How We Americans Can Break Our Addiction to Personal Debt
By Christopher H. McCormick, Esq.
January 23, 2009
As a consumer bankruptcy attorney I have seen many clients through the years who have become for lack of better term “addicted to debt.” They’ve grown up in a consumer society bombarded with advertisements for all types of “must have” consumer goods from wide screen TVs to luxury motor vehicles in addition to the American dream of the house with the white picket fence. At the same time they were offered through the mail, TV commercials and the internet credit cards, personal loans, car loans, no income verification mortgages, 100% loan to value mortgages, interest only mortgages, lines of credit etc. to finance these purchases. Consumer debt drove our economy only to see it crash due to the mortgage foreclosure crisis that not only wrecked our economy, but the economy of the whole world.
Who is to blame for the predilection of so many Americans to overburden themselves with personal debt? There are those who say that it starts and stops with each individual’s responsibility to recognize what there limits are and not buy what they cannot afford. There is certainly some truth to this opinion and clearly a pressing need to practice this principle going forward, but I do not believe it is that simple. One can ask has the Federal Government set a good example for our citizens when it comes to managing debt. The answer would have to be a resounding NO! Deficit spending has become the norm in Washington. If Social Security can’t sustain itself from current contributions, borrow the money to keep it going. If the wars in Iraq and Afghanistan need billions and billions to sustain them, increase the budget deficit. That’s the answer! Medicare! Pork Barrel Projects! Spend! Spend! The Federal Government is clearly an anti-role model when it comes to responsible spending habits.
One would hope consumers would be able to look at our financial institutions as sound economic role models. Recent history has shown that this is clearly not the case. From Citibank to AIG to Countrywide Mortgage the failure of our financial institutions to exercise prudent lending practices combined with gross mismanagement and actual malfeasance has created the worst economic crisis since the Great Depression. Specifically focusing on the sub-prime mortgage crisis there were the shady mortgage brokers pushing loans that borrowers could not afford, the appraisers overvaluing properties to keep it all going and certain real estate agents all too happy to market and push housing prices higher and higher as there commissions increased. These factors combined with a public that as a whole is woefully uneducated as to properly manage debt and maintain a family budget could only result in an American society overburdened with debt.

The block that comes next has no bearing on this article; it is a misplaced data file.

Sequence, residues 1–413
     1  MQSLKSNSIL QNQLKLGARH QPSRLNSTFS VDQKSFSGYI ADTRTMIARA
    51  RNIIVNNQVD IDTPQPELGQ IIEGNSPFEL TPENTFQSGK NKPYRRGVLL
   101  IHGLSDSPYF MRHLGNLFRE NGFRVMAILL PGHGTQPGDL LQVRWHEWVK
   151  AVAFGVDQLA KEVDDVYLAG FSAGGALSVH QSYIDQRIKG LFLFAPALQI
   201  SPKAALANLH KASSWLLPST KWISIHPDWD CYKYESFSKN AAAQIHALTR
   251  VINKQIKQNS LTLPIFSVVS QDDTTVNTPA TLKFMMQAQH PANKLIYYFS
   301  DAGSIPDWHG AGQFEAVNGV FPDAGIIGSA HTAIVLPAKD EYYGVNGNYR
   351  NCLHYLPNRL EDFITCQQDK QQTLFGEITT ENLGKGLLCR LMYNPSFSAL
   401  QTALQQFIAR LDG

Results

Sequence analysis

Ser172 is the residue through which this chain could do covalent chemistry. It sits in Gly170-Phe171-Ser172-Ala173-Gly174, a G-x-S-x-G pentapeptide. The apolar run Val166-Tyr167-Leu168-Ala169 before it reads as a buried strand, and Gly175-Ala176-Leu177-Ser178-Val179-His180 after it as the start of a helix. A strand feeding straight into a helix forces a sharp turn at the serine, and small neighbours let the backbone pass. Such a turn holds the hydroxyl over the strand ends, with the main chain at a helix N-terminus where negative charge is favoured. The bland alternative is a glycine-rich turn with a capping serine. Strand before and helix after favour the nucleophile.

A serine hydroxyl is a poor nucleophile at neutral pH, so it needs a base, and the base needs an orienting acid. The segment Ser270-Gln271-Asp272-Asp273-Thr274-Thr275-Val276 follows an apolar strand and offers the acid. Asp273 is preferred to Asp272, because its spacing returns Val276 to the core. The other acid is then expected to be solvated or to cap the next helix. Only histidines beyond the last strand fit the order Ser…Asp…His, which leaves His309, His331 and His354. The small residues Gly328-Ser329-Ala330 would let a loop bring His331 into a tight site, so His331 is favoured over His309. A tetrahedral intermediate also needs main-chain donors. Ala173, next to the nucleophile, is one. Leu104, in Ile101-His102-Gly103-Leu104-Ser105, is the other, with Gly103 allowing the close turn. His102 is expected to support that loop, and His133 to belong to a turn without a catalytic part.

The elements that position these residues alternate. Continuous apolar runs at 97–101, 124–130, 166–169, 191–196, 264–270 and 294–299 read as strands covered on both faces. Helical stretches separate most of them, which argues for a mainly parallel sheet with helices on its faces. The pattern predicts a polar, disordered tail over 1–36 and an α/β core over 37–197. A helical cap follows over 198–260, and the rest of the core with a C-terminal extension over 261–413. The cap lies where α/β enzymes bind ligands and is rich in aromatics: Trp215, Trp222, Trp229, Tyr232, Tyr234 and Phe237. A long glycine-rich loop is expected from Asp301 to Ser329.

Not all Americans have fallen victim to the downward cycle of unsustainable personal debt. Some use their credit cards as convenient tools to purchase services and items they can afford. They pay the balances off monthly without incurring any interest charges. Now with debit cards becoming so widely one can use them with the convenience of a credit card while paying for items on a cash basis. This approach to personal spending will need to be adopted by all Americans who want to maintain a balanced budget and avoid the trap of personal debt. It will require many to adjust their consumer appetites and exercise good judgment as to where their hard earned dollars are spent. I have always been impressed with the thrifty attitude of the elderly who grew up and lived through the Great Depression. We can learn a lot from their approach to spending. It is a time to focus on the needs of our families and not so much on the wants, the extravagances that we cannot really afford. The fact your credit card provides you with a $20,000.00 limit doesn’t mean you have $20,000.00 to spend on HD TVs, Disney vacations, videogames, IPODS etc. It will take education at all levels of society to teach people to how to manage their debt. There have been some band-aid attempts at this as part of the Bankruptcy Reform Act, but this is not enough. There should be mandatory courses at the high school level for all students to learn about credit and how to properly manage debt and the consequences of failing to do so. Credit Card companies should not be allowed to hide in small print the interest rate penalties and late charges that unwary consumers can incur with one late payment. These disclosures should be made in plain understandable language that will properly advise consumers as to their obligations when incurring debt. The mortgage business needs to be cleaned up and regulated for the protection of consumers and responsible lenders alike.
Finally, in this article I do not want to imply in any way that the majority of my bankruptcy client are spendthrifts who irresponsibly ran up their debts. The overwhelming majority of consumers that contact me to file bankruptcy have lost a job, suffered an injury or debilitating illness, gone thru a divorce or suffered some other economic loss that has caused them to seek the relief that bankruptcy offers to them. I stress with them it is a chance for a fresh start that requires them to rebuild their credit in a responsible manner to avoid financial trouble again in the future. I fully expect to be very busy over the next few years as the recession takes it toll on our society. My hope is in the future as our economy improves so will the approach of future generations to the management of personal debt. I may be less busy and looking for another area of law to focus on, but would welcome the positive change to our society as a whole.